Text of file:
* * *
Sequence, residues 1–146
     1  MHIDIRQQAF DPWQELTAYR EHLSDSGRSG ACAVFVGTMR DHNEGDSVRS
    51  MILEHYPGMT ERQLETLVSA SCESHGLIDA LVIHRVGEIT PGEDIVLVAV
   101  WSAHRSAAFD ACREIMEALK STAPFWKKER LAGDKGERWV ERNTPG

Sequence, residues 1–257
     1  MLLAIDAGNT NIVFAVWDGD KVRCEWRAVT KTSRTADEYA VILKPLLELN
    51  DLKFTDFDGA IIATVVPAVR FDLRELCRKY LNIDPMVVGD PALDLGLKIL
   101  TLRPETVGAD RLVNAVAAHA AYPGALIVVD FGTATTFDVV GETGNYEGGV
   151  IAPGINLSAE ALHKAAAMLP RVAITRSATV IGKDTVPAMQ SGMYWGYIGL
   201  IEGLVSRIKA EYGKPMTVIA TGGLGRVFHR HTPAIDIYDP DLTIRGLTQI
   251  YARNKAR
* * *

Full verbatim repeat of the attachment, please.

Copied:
Sequence, residues 1–146
     1  MHIDIRQQAF DPWQELTAYR EHLSDSGRSG ACAVFVGTMR DHNEGDSVRS
    51  MILEHYPGMT ERQLETLVSA SCESHGLIDA LVIHRVGEIT PGEDIVLVAV
   101  WSAHRSAAFD ACREIMEALK STAPFWKKER LAGDKGERWV ERNTPG

Sequence, residues 1–257
     1  MLLAIDAGNT NIVFAVWDGD KVRCEWRAVT KTSRTADEYA VILKPLLELN
    51  DLKFTDFDGA IIATVVPAVR FDLRELCRKY LNIDPMVVGD PALDLGLKIL
   101  TLRPETVGAD RLVNAVAAHA AYPGALIVVD FGTATTFDVV GETGNYEGGV
   151  IAPGINLSAE ALHKAAAMLP RVAITRSATV IGKDTVPAMQ SGMYWGYIGL
   201  IEGLVSRIKA EYGKPMTVIA TGGLGRVFHR HTPAIDIYDP DLTIRGLTQI
   251  YARNKAR